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United States Department of Agriculture

Agricultural Research Service

Title: USDA-ARS Sugar Beet Germplasm Developed in Fort Collins, Co, Evaluated for Rhizoctonia Resistance, 2002.

Authors
item Panella, Leonard
item Hanson, Linda

Submitted to: Biological and Cultural Tests for Control of Plant Diseases
Publication Type: Peer Reviewed Journal
Publication Acceptance Date: January 20, 2003
Publication Date: June 30, 2003
Citation: PANELLA, L.W., HANSON, L.E. USDA-ARS SUGAR BEET GERMPLASM DEVELOPED IN FORT COLLINS, CO, EVALUATED FOR RHIZOCTONIA RESISTANCE, 2002. BIOLOGICAL AND CULTURAL TESTS FOR CONTROL OF PLANT DISEASES. 2003.

Interpretive Summary: Interpretive Summary Forty sugar beet germplasm lines released over the past 30 years, or under development by the USDA-ARS Sugar Beet Research Unit located in Fort Collins, CO were evaluated for resistance to Rhizoctonia root rot. We had high temperatures in the summer of 2002 and the Rhizoctonia root rot epidemic progressed quickly, becoming severe by the beginning of September. There was a significant difference between all the resistant germplasm and the susceptible control with two exceptions. A 1993 seed increase of FC704 was significantly more susceptible than the susceptible control and FC702, and early release (1968), was not significantly different from the susceptible control . Even though all the other germplasm performed significantly better than the susceptible control there were significant differences among resistant germplasm. FC701, the first Rhizoctonia-resistant germplasm, released in 1968, performed the worst of these.

Technical Abstract: Technical Abstract Forty sugar beet germplasm lines released over the past 30 years, or under development by the USDA-ARS Sugar Beet Research Unit located in Fort Collins, CO were evaluated for resistance to Rhizoctonia root rot. The trial was a randomized, complete-block design. One-row plots, replicated five times were planted at the Crops Research Lab-Fort Collins Research Farm, CO, on 23 May. Plots were 4.5 m long with 56 cm between rows and 20 to 25 cm within-row spacing. Inoculation with dry, ground, barley-grain inoculum of Rhizoctonia solani isolate R-9 (AG 2-2) was performed on 17 Jul; immediately after inoculation, a cultivation was performed to throw soil into the beet crowns. The field was thinned by hand and irrigated as necessary. Beets were harvested 3 through 6 Sept. Each root was rated for rot on a scale of 0 (no damage) to 7 (dead). Analyses of variance (PROC GLM - SAS) were performed on disease indices (DIs), percent healthy roots (undamaged classes 0 and 1 combined), and percentage of roots in classes 0 thru 3 (those most likely to be harvested and taken to the factory). Percentages were transformed using arcsin-square root to normalize the data for analyses. We had high temperatures in the summer of 2002 and a moderate inoculum load. The Rhizoctonia epidemic progressed quickly, becoming severe by the beginning of September. Differences in DIs among entries were highly significant (P < 0.001). Mean DIs across all tests in the 2002 nursery for highly resistant FC705-1, resistant FC703, and highly susceptible FC901/C817 controls were 1.89, 2.24, and 4.40 respectively. Percentages of healthy roots were 39.3, 35.9, and 10.0% for these controls. Percentages of roots in disease classes 0 thru 3 were 91.2, 86.3, and 37.1%, respectively. The highest and lowest DIs for the evaluated lines were 6.5 and 1.3, respectively. There was a significant difference between all the resistant germplasm and the susceptible control with two exceptions. A 1993 seed increase of FC704 was significantly more susceptible than the susceptible control and a FC702, and early release (1968) was not significantly different from the susceptible control . Even though all the other germplasm performed significantly better than the susceptible control there were significant differences among resistant germplasm. FC701, the first Rhizoctonia-resistant germplasm, released in 1968, performed the worst of these.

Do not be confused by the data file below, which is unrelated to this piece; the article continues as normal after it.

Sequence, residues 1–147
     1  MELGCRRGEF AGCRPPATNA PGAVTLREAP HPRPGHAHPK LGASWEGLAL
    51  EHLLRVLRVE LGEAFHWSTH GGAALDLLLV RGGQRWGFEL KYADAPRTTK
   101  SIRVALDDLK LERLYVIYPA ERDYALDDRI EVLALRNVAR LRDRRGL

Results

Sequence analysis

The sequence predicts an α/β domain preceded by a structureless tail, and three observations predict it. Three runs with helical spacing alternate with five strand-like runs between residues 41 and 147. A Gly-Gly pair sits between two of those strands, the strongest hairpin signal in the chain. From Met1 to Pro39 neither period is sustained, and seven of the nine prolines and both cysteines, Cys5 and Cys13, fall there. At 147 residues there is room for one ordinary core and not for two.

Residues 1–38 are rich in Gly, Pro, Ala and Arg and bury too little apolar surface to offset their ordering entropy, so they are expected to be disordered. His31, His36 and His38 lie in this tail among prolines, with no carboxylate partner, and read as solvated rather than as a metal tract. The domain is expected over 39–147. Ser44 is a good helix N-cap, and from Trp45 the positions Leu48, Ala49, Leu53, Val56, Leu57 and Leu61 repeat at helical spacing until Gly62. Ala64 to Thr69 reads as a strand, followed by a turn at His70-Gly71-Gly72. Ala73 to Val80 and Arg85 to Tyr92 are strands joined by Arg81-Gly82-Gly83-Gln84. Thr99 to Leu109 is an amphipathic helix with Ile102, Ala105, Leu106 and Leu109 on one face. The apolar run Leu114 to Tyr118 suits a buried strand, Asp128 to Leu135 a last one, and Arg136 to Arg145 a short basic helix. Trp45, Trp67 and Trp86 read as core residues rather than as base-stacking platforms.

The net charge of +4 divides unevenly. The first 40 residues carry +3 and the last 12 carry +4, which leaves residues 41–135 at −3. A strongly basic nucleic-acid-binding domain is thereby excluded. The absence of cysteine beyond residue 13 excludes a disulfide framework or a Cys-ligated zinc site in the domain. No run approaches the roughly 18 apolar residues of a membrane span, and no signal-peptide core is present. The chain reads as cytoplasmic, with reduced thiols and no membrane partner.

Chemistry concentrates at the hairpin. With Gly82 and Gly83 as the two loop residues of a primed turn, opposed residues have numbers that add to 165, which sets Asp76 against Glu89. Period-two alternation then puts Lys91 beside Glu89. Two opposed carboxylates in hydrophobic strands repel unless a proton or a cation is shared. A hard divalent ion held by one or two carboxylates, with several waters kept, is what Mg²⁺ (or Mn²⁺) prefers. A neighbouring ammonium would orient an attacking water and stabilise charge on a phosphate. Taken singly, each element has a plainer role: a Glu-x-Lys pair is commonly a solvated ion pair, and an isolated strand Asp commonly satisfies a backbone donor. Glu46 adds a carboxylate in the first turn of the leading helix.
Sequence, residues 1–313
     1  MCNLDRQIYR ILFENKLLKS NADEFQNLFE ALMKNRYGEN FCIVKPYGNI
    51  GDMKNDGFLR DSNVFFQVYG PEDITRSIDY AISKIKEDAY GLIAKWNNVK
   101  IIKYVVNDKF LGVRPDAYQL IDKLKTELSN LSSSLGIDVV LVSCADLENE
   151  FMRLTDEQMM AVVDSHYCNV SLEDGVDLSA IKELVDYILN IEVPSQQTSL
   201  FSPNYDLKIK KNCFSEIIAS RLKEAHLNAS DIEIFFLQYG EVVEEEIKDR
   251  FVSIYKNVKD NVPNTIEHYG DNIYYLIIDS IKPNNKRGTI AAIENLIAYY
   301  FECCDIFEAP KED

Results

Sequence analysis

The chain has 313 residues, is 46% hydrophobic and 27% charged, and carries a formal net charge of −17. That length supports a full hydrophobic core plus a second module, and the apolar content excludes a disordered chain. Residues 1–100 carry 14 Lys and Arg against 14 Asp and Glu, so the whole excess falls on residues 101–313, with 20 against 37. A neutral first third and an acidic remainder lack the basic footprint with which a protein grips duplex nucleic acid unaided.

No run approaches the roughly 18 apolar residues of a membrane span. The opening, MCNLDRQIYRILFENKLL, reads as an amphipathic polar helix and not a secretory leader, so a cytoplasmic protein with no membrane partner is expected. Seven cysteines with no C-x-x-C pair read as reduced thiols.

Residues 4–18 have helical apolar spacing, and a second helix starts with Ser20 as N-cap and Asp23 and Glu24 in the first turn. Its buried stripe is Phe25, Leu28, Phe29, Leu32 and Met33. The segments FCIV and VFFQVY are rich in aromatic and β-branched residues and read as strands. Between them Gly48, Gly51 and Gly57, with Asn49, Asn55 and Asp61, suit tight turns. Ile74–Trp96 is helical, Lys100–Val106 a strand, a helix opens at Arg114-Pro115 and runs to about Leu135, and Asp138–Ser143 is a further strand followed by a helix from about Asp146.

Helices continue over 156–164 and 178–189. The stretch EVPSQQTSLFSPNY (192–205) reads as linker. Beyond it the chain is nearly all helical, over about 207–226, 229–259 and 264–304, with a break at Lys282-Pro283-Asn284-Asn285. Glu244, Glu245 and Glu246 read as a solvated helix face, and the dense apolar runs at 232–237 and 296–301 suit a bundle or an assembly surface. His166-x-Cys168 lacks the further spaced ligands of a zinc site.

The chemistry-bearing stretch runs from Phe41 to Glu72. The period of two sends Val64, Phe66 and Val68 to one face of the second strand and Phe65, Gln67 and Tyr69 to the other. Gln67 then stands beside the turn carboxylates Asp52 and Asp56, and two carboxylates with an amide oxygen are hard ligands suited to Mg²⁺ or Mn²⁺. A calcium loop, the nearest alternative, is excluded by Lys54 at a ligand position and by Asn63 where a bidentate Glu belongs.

Last Modified: 10/1/2014
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